If you’re a commerce company, you may have ready to go solutions for when a prospect customer come to visit your website, places a product in your shopping cart but does not purchase. You may have a shopping cart abandonment email ready to go.

Re-activation/re-engagement emails

It’s hard to believe but yes you will have people who aren’t fully engaged with your emails. We know it’s not you, it’s them. :-)  Actually if you want to really know the truth, it’s likely a little bit of both.  There are many reasons why you want to have an re-activation or re-engagement email ready to go.

There is always a possibility that your content isn’t interesting or relevant to them anymore.  They may be busy with life, work, school who knows.  They may not have even unsubscribed to your emails, they simply stopped opening them (Or worse case, they have stopped receiving them in their inbox all together).

Whatever reason it is, you should consider what you now want to do. Don’t just give up. They don’t want me so I don’t them. That philosophy is not the approach you want to take.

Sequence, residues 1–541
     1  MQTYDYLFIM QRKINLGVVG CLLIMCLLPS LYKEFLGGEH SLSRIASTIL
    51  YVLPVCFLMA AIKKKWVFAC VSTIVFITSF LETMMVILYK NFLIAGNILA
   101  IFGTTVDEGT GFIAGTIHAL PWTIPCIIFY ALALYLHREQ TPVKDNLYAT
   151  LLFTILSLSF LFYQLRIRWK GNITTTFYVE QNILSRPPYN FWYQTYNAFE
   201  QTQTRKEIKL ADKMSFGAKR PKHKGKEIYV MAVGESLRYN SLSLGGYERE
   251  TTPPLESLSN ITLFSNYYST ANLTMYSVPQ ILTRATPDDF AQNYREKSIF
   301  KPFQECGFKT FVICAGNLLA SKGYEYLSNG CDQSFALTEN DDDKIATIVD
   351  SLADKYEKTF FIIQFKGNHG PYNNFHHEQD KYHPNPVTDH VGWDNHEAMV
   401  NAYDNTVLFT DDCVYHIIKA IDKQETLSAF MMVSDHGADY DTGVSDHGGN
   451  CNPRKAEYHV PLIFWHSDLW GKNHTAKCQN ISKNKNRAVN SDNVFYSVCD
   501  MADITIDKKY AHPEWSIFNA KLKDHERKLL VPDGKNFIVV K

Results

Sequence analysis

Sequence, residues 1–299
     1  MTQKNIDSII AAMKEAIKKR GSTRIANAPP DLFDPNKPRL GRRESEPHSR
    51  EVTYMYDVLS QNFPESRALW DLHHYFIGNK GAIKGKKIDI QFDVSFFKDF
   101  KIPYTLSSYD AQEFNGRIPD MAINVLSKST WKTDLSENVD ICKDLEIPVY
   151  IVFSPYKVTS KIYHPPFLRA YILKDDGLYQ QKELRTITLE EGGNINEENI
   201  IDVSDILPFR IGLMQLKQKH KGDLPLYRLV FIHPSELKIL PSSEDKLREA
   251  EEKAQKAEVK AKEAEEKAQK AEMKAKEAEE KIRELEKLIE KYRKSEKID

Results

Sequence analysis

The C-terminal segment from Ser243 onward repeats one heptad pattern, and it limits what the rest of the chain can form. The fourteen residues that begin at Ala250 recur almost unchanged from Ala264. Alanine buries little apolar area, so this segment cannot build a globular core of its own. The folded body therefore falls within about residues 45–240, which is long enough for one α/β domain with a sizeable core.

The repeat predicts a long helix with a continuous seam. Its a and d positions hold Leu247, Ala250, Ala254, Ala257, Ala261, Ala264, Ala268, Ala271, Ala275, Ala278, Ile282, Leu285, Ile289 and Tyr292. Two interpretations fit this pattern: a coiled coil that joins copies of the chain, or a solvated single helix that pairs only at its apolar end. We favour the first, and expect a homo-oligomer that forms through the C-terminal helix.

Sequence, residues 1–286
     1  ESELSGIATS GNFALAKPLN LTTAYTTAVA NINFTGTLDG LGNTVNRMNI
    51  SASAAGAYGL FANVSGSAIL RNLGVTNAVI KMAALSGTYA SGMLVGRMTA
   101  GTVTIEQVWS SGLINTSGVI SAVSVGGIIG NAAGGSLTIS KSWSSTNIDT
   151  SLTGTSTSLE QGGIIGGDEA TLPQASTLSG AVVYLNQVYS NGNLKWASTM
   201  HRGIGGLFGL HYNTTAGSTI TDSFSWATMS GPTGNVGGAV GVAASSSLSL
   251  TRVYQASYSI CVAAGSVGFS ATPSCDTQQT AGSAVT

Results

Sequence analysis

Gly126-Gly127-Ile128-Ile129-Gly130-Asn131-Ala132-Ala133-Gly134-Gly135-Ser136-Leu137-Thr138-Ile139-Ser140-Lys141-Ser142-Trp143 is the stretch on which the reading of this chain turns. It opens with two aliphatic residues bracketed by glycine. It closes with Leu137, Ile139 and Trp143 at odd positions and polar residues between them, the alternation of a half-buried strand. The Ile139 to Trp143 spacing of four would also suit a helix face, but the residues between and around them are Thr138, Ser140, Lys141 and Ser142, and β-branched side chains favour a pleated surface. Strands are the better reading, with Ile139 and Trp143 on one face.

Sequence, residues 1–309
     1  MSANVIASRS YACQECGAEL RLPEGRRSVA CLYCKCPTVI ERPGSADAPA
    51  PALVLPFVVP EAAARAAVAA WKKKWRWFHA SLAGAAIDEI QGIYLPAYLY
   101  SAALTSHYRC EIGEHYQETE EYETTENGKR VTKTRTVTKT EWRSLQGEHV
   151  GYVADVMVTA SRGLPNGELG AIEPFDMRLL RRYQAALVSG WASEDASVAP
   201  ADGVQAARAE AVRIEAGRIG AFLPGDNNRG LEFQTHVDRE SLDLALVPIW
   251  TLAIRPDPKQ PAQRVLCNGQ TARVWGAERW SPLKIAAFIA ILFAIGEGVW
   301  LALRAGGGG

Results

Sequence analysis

Remember this is a relationship, so you should treat it as such.  You’ve spent time acquiring these names. You should make sure you take the time to retain them as well.

There are specific type of messages you can consider such as a “We miss you” or “How can we better serve you” type of campaign.  You can also take specific types of actions such as reducing total number of email drops to this particular audience.

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Educational (Content, Webinars, Videos, Newsletters)  

This last set of email types are different than the other types we just discussed. These emails are the building blocks for a wonderful and hopefully long relationship.

Ongoing educational emails can be and should be planned in advance, just like your other types of emails. The very specific topic you address may not be set in stone but you want to give your customers some idea of when to expect you.

If you’re a weekly newsletter, you should plan for at least a once a week delivery ideally on the same day. If you say weekly but send out bi weekly, your customers won’t be able to look for you.  If you say daily but only send out a few times a week, you may not get the “daily” engagement you are looking for.

This is where developing an email calendar is vital. When you combine your core objectives and what you have to offer to your customer base, you can build an email calendar that can be very effective in creating engagement.

Did this article help you? Think I'm missing something or have questions, shoot me an email at Jkim@mkinceptions.com.  I would love to hear from you.